KANSAS CITY, Mo. — Only a disastrous turn of events could deny the Kansas City Chiefs a playoff berth, but when and where the Chiefs begin their playoff journey remains very clouded.
How do the odds stack? According to FiveThirtyEight.com, the probabilities strongly favor the Chiefs. The site gives Kansas City a greater than 99 percent likelihood of making the playoffs. The Chiefs hold an 83 percent chance of winning the division and an 81 percent chance of earning a first-round bye. The site estimates the Chiefs have an 18 percent to win the Super Bowl, trailing only the Patriots at 23 percent.
Kansas City’s 21-13 win over the Raiders gives the Chiefs the lead in the AFC West by virtue of their sweep of the Raiders this season. That also gives the Chiefs possession of the No. 2 seed in the AFC. They trail the Patriots by a game.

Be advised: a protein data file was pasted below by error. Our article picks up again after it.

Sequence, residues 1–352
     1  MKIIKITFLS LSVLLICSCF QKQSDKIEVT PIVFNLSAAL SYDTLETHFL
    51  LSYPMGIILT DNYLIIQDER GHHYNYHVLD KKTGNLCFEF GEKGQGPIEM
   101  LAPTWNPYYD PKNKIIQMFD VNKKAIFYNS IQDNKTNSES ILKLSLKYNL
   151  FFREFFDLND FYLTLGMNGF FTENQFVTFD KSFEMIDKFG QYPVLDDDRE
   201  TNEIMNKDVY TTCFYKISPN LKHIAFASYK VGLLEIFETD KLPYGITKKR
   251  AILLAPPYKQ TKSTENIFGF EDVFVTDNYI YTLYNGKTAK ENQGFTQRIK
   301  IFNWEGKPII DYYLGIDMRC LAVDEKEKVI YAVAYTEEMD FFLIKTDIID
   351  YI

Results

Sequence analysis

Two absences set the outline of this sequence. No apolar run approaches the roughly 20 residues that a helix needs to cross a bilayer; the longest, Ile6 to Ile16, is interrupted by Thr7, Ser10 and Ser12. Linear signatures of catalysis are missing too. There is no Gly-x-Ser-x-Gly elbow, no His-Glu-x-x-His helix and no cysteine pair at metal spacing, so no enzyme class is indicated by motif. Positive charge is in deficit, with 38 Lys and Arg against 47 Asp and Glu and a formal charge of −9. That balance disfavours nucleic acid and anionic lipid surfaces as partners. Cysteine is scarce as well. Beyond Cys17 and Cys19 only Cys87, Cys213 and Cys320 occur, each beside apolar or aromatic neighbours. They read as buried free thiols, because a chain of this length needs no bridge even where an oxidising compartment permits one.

To secure the No. 1 seed, the Chiefs need to win and see the Patriots lose out. In the event of a tie-breaker, the Patriots hold a 3-0 record against common opponents with two games remaining (Broncos and Jets). The Chiefs stand 2-2 with one game remaining (Broncos). The Chiefs need to Patriots to lose at least two of their final three games to have an opportunity at the top seed.
For purposes of clinching a playoff berth, the Chiefs essentially hold a magic number of two against the Denver Broncos, Miami Dolphins and Baltimore Ravens. Any combination of two Chiefs wins and losses by each team clinches a playoff spot for Kansas City.
If Kansas City beats Tennessee Sunday, the team clinches a postseason berth with loses by two of those three teams. Denver hosts New England Sunday while the Dolphins visit the New York Jets. The Ravens finish week 14 with a trip to New England and hosts the Philadelphia Eagles next week.
The Chiefs hold a magic number of three to win the AFC West. Any combination of three wins or Raiders losses eliminates Oakland. The Chiefs need a combination of two wins or Denver losses to eliminate the Broncos.
If the Chiefs lose the division, they could still fall as far as the No. 6 seed in the AFC. The possibility stands fairly remote because it would require the Chiefs to lose their final three games. Two of the following teams also need to win virtually all of their final games: Denver, Miami, Baltimore or Tennessee.